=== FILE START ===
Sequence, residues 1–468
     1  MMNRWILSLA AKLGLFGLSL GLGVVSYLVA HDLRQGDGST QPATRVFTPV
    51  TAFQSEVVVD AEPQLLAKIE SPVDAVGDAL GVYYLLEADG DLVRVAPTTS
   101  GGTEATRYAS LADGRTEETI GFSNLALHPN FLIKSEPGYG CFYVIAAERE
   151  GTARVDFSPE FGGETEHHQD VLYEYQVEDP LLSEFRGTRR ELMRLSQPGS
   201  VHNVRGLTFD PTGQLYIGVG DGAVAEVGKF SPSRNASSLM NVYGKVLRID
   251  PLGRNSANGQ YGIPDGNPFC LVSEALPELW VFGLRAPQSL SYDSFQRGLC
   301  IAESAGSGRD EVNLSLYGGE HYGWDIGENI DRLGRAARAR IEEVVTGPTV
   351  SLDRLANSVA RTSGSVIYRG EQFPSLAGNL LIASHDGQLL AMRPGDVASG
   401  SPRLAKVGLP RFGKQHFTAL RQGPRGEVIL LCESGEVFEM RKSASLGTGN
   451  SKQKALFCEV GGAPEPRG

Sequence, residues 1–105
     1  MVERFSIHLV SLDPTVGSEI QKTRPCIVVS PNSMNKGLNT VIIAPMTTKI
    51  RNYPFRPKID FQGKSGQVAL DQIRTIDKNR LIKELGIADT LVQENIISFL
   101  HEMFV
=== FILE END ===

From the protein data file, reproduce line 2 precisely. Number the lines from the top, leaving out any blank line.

     1  MMNRWILSLA AKLGLFGLSL GLGVVSYLVA HDLRQGDGST QPATRVFTPV